Pastor Bonhoeffer was eventually captured, imprisoned, tried and convicted of crimes against the state. On Sunday, April 8, 1945, from inside a concentration camp, he preached his last sermon, from Isaiah 53:5, by His stripes we are healed. Upon finishing, he was taken and hanged, only days before Allied Forces liberated the concentration camp.

The blood of martyrs might once again be demanded, but this blood, if we really have the courage and loyalty to shed it, will not be innocent, shining like that of the first witnesses for the faith. On our blood lies heavy guilt, the guilt of the unprofitable servant who is cast into outer darkness.  – Dietrich Bonhoeffer

Our Last Hope

the-last-hopeMy hope is in the Lord – not in any political party nor in any politician. Jesus is the Saviour. He is the only hope in this world.

No politician is our “last hope.” If our hope is any person, party, or political movement to “save” our country, our dream, our religion or way of life, we are idolaters and must repent.

No king is saved by the multitude of an army; a mighty man is not delivered by great strength. A horse is a vain hope for safety; neither shall it deliver any by its great strength.

Behold, the eye of the Lord is on those who fear Him, on those who hope in His mercy. To deliver their soul from death, and to keep them alive in famine.

Our soul waits for the Lord; He is our help and our shield (Psalm 33:16-20).

Let Me Be Clear

Let Me Be ClearSomeone put a rock through your new television. For fifteen minutes you listen to your two sons explain who did it and how it happened. Then the oldest boy says, “Okay, let me tell you the truth …”.

As a parent you now know two things: (1) You’ve just listened to a string of lies; and (2) Your child knows you didn’t believe the first story, so he’s cooking up a better one.

 

Once upon a time, the unsaved world knew what Christians believed and exactly where they stood on the issues. Pastors were known for speaking the truth without a hint of shadow. No longer in the age of purposeful ambiguity.

God never minces His words. Let us do no less when delivering God’s Word. The presentation of truth must be accurate, straightforward, and simple enough for a child to comprehend.

On the Day of Pentecost the Apostle Peter, without fear of being offensive, unashamedly spoke the truth clearly and without reservation:  “Let all the house of Israel know assuredly that God has made this Jesus, whom you crucified, both Lord and Christ.” Now when they heard this, they were cut to the heart, and said to Peter and the rest of the apostles, “Men and brethren, what shall we do?” (Acts 2:36-37).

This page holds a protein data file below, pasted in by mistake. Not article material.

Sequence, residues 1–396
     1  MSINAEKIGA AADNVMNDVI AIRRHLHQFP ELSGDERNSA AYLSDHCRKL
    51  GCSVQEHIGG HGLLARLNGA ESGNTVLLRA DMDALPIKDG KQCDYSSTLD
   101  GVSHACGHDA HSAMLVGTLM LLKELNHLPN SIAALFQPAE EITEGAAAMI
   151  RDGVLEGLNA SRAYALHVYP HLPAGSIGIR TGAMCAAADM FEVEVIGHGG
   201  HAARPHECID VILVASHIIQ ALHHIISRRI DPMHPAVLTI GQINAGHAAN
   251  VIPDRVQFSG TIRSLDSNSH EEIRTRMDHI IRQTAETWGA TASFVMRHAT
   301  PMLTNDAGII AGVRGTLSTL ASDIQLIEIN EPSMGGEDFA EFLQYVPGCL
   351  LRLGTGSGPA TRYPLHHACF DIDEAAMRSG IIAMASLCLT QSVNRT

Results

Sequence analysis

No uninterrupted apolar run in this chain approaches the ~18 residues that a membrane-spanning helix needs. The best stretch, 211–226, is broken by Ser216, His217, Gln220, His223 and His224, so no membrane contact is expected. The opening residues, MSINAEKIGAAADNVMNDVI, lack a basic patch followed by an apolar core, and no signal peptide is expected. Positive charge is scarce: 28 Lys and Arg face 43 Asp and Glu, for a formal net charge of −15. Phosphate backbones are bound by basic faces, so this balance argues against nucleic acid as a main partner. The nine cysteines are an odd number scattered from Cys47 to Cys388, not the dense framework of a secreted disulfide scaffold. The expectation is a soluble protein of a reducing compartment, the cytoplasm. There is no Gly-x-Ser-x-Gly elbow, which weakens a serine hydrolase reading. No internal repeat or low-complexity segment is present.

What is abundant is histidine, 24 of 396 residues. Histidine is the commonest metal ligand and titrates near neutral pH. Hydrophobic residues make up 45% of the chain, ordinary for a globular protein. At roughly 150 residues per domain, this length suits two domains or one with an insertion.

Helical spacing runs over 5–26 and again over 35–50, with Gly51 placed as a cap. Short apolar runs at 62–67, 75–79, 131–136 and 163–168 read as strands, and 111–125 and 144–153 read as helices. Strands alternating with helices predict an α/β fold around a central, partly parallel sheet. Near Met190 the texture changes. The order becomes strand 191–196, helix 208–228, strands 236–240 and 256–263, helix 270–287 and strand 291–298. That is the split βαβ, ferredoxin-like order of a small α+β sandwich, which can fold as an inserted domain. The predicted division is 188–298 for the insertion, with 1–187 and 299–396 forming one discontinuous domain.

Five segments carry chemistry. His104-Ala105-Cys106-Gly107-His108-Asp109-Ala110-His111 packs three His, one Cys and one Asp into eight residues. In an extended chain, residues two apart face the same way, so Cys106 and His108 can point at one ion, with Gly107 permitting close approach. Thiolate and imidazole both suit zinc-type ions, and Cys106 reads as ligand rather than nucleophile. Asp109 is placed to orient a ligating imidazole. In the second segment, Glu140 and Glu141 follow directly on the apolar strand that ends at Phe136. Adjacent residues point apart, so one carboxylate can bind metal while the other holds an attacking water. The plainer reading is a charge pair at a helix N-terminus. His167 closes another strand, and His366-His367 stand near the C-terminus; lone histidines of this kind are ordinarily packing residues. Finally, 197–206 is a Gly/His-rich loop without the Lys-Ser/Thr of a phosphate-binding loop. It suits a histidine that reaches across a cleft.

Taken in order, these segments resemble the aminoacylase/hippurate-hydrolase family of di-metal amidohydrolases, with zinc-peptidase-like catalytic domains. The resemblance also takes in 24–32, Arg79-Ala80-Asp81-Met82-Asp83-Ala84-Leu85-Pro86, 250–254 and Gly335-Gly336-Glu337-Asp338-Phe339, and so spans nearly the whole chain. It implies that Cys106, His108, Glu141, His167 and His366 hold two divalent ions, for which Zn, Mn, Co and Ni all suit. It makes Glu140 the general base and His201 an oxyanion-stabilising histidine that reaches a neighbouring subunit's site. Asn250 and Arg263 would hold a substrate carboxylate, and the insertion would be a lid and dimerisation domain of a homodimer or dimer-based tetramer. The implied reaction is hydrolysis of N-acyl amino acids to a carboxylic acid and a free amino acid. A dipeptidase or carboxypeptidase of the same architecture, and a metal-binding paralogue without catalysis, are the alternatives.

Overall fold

Dr H Allan Hamilton, Laborer in the Word and Doctrine

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Let the elders who rule well be counted worthy of double honor, especially those who labor in the word and doctrine (1 Timothy 5:17).

Dr H Allan Hamilton was my pastor.

He was born in small Colorado town in 1921. After Bible college in Los Angeles, at the age of 20, he took his first pastorate in a rural California town with all of five buildings. In that migrant town, the “boy preacher” and his wife learned to pray and trust in God’s daily provision. In time they moved to Colorado and then Kansas and Missouri.

The 1950s were a busy decade. The couple visited a pastor’s conference in Nebraska, where afterward his wife declared, “This is one place I NEVER want to come to.” A few weeks later the family moved to Nebraska.

In 1954 Dr Hamilton, his wife, and two young daughters hit the road in a two-wheel trailer starting churches throughout the American midwest. They were missionaries in the Philippines until called to pastor in Portland, Oregon in from 1969 to 1990.

Dr Hamilton was tall, slender, and had a thick shock of neatly groomed white hair. I called him “The Admiral.” Each Sunday morning he’d step into the pulpit and his congregation, which was the largest in the state of Oregon, were prepared to hear the Bible preached and Christ Jesus exalted. There was never a hint of fanaticism or trendy topical sermons, but the Word of God taught in a carefully prepared and presented verse-by-verse manner.

He wasn’t a musician or singer, a carpenter or caretaker. His call and gifting was in teaching the Scriptures and mentoring young men in the meaning of being a man of God. Dr Hamilton exemplified the words of Paul to a young pastor named Timothy: Give your whole attention to reading the Scriptures, to preaching, and to teaching doctrine (1 Timothy 4:13). The Word of God was Dr Hamilton’s whole attention.

I last saw him when we conducted a funeral together in the early days of 2012. He’d suffered a stroke. His hands trembled, his voice was feeble, but his mind sharp as ever. When he stepped into the pulpit that morning, Dr Hamilton’s voice immediately strengthened as the Holy Spirit’s power filled each word and the clear, unadulterated Gospel of Jesus was proclaimed. Once a preacher, always a preacher.

Dr Hamilton went to be with Jesus on February 9, 2016.